- Justin Sullivan/Getty Images
Bernie Sanders and Hillary Clinton spent much of Thursday’s Democratic debate yelling over each other in front of a boisterous Brooklyn crowd during what was their most contentious debate yet.
So much so that, at one point, CNN moderator Wolf Blitzer had to tell them to play nice.
“If you’re both screaming at each other, the viewers won’t be able to hear either of you, so please don’t talk over each other,” he asked the candidates.
The Vermont senator and the former secretary of state did not pull any punches in what was the candidates’ last major chance to leave an impression on Democratic voters ahead of Tuesday’s New York primary.
Clinton is leading in the state, which she represented for eight years in the Senate, by nearly 14 points, according to the latest RealClearPolitics average of several recent polls.
The very opening of the debate produced fireworks, after Blitzer asked Sanders about a recent suggestion the Democratic candidate made about Clinton possibly not being “qualified” for the presidency.
Sanders said that “of course” Clinton has the experience to be president. But he added that he does “question her judgment” because she voted for the Iraq war and supported trade agreements.
“And I question her judgment about running super PACs that are collecting tens of millions of dollars from special interests, including Wall Street,” Sanders said.
Clinton fired back, bringing up Sanders’ interview with the New York Daily News, for which he was widely criticized.
“We have disagreements on policy, but if you go ahead and read Sen. Sanders’ long interview with the New York Daily News, where he had problems answering questions about his core issues, breaking up the banks,” she said.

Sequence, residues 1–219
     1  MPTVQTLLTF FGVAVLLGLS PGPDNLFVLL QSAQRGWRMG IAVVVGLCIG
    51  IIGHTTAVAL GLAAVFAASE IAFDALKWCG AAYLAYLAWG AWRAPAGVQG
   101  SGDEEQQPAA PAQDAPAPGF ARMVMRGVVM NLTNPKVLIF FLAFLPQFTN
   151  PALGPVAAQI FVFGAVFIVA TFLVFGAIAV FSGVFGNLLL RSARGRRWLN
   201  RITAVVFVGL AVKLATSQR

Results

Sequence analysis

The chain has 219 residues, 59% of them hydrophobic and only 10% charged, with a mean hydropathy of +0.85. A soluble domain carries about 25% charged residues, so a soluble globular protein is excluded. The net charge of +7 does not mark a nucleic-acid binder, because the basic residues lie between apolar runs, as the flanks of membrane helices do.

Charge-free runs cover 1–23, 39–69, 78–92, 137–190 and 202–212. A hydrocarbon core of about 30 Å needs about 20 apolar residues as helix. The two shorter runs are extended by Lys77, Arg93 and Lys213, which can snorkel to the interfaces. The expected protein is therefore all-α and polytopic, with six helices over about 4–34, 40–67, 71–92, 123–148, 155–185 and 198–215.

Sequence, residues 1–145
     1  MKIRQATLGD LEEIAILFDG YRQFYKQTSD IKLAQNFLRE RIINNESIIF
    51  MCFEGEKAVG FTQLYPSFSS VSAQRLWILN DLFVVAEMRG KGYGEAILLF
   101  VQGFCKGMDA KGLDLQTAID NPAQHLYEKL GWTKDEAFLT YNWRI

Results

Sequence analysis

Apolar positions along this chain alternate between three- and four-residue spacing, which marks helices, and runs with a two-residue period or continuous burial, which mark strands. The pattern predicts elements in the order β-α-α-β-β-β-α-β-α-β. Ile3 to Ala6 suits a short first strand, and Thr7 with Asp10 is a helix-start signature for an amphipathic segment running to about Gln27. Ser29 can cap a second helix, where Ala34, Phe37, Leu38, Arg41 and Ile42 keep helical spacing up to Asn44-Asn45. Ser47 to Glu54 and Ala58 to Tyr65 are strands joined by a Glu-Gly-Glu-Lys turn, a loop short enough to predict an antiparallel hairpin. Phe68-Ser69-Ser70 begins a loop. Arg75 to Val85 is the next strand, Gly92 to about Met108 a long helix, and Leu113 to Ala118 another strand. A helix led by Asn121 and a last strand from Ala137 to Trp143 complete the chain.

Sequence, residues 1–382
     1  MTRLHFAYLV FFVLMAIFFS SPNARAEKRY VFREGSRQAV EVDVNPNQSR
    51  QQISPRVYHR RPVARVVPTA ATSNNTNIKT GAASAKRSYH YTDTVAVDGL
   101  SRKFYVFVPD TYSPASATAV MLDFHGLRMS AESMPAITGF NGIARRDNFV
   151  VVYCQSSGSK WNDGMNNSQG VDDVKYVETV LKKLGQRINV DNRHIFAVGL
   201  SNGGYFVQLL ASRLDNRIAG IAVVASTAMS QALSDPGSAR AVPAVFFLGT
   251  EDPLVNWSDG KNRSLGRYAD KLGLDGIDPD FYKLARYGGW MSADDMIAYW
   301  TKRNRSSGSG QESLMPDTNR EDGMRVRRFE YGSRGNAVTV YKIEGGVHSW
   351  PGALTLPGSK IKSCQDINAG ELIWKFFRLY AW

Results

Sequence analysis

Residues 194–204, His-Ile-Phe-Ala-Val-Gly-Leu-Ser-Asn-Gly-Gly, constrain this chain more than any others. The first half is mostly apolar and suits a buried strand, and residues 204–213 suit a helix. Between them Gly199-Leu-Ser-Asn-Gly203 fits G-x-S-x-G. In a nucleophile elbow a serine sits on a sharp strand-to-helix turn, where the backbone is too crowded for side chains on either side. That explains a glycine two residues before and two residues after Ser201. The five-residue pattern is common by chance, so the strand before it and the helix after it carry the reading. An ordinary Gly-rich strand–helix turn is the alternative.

When asked, he could not explain how that would be done, and when asked about a number of foreign-policy issues, he could not answer about Afghanistan, Israel, counterterrorism unless he had a paper in front of him. I think you need to have the judgment on day one to be both president and commander in chief.
Sanders circled back to his attack over Clinton’s vote for the Iraq war and the super PACs supporting her campaign.
Clinton responded, saying that attacking her for having super PACs is an attack on President Barack Obama as well.
Many in the crowd appeared to groan at the statement. It was the first example of a lively audience that expressed its collective opinion throughout the debate.
“You may not like the answer, but I’ll tell you why,” she said. “Obama had a super PAC, Obama took tens of millions from contributors. And he wasn’t influenced.”
“This is a phony attack that is designed to raise questions when there is no evidence,” she added.
- AP Photo/Seth Wenig
Clinton was booed again in another exchange in which she was asked about her refusal to release the transcripts of speeches she gave to Wall Street firms.
Sanders repeatedly slammed her for refusing to release the transcripts.
“If there’s nothing in those speeches that will change voters’ minds, why not just release the transcripts and put these speeches to bed?” CNN moderator Dana Bash said as audience members cheered.
As Clinton was about to launch her response, the rowdy crowd booed.
“If everybody agrees to do it – there are other speeches from money on the other side, I understand that,” Clinton said.